The New York Times Magazine article I told you about last post advised “keeping your lips closed unless you’re talking, eating or doing strenuous exercise.” Actually, most people would probably prefer we kept the lips closed while eating… but what about “strenuous exercise”?
First off, I think “strenuous exercise” can cross the actual exercise line. We’ve all heard of runners having heart attacks and weight lifters popping brain arteries. That’s not exercise; it’s torture.
But as far as running at a pace you can maintain without being trailed by a paramedic or weights you can lift without blood squirting out your ears… No, in my experience, mouth breathing is neither necessary or helpful. If anything the dilating power of nasal breathing protects you from the type of blood vessel constriction that lands you in an ambulance blaring down the street.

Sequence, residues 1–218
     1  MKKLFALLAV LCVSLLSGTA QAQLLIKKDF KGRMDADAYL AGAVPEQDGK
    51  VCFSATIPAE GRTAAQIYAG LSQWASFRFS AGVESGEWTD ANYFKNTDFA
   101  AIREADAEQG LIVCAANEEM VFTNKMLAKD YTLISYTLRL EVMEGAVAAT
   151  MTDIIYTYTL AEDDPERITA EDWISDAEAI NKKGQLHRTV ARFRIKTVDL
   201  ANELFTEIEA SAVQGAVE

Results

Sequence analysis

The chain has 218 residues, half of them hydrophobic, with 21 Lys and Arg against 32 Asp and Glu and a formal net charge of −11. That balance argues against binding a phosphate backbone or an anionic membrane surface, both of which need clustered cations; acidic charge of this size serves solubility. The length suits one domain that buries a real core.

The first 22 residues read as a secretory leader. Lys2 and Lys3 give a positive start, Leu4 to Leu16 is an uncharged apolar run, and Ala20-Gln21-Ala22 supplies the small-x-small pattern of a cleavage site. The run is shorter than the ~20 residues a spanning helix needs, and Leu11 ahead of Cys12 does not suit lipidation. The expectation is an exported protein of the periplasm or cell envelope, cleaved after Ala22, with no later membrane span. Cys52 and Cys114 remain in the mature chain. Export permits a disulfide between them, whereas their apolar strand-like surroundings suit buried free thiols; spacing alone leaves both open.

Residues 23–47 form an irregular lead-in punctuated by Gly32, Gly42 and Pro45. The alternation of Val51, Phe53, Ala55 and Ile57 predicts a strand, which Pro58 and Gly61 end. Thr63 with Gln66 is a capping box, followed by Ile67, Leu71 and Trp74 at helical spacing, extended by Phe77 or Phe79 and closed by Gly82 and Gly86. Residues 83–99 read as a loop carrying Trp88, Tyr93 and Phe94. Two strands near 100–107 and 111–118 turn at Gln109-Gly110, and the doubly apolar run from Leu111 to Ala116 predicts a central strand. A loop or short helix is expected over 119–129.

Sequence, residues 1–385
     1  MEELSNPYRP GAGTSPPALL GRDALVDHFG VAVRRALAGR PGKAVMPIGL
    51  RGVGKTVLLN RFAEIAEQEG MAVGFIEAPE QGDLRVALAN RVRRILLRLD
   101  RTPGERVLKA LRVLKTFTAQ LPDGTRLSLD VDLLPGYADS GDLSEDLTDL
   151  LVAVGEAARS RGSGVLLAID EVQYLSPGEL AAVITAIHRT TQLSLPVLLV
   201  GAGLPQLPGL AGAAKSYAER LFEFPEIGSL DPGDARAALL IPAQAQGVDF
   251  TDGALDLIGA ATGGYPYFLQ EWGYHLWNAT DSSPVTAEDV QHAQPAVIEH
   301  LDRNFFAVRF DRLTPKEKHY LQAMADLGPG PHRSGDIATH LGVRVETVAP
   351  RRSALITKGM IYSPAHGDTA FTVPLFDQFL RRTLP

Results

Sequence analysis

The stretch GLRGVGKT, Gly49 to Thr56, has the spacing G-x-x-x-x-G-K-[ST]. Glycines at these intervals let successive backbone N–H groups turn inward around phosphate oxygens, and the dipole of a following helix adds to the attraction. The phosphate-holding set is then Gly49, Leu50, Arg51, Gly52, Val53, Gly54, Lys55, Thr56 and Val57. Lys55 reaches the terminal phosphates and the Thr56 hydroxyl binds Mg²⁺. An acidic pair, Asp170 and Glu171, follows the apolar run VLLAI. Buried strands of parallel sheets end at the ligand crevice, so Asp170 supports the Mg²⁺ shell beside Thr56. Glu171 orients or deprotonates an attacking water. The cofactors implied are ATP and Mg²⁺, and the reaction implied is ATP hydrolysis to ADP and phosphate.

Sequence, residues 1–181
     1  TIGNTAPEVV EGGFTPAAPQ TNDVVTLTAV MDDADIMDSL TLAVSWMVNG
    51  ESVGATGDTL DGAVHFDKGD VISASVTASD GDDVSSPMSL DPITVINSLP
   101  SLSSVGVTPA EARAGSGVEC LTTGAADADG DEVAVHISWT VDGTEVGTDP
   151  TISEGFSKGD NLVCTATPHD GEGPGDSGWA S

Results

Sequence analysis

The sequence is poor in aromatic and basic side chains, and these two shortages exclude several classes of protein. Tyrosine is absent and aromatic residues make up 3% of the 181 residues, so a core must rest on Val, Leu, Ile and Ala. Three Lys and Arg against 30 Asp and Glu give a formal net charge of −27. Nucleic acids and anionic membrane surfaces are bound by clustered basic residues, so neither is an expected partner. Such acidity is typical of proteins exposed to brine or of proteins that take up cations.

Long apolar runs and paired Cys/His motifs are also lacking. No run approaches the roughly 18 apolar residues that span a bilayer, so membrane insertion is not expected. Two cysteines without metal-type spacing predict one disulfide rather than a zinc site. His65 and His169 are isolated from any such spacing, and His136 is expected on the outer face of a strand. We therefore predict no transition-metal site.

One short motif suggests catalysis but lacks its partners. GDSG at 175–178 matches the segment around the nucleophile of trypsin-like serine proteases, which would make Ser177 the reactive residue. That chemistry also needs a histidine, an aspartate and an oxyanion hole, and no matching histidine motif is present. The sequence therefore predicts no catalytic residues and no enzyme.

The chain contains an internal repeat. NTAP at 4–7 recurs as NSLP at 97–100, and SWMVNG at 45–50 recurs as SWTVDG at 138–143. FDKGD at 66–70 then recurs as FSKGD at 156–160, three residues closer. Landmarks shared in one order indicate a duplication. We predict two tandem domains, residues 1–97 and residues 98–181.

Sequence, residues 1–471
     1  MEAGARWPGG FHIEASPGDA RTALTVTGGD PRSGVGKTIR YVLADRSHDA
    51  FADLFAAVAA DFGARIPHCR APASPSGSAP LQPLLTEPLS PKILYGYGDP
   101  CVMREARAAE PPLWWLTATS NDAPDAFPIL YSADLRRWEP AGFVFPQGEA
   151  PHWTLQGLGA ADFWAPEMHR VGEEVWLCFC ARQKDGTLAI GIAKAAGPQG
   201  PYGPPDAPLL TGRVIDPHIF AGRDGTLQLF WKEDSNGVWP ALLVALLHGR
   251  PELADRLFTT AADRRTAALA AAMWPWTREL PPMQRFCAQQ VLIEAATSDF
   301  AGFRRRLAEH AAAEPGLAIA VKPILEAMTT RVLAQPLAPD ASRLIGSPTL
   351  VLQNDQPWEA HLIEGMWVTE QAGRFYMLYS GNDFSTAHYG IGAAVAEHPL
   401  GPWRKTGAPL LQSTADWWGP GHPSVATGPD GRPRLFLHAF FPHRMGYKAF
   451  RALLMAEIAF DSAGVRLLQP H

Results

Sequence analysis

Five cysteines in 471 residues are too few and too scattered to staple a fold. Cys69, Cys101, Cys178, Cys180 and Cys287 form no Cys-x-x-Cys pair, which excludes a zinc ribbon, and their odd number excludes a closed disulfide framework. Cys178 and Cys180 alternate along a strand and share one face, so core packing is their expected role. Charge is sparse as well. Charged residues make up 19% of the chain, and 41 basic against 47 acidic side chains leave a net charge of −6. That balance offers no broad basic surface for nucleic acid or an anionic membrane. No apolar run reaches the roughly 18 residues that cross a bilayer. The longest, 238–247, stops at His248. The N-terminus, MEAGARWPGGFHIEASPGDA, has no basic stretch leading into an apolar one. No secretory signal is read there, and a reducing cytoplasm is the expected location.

I run 7.5km (4.5 miles) six days a week with the mouth shut the whole time. Same goes for chin-ups, handstand push-ups and single-leg squats. Even at top speed, I’ve read, not all the oxygen comes even close to being used up.
The lungs are big.
Thinking outside the T1D Matrix,
– John C. A. Manley
P.S. Nasal breathing during exercise even appears to stop blood sugar spikes in the gym as you can see here: Close Your Mouth, Lift Some Weights and Lower Your Blood Sugar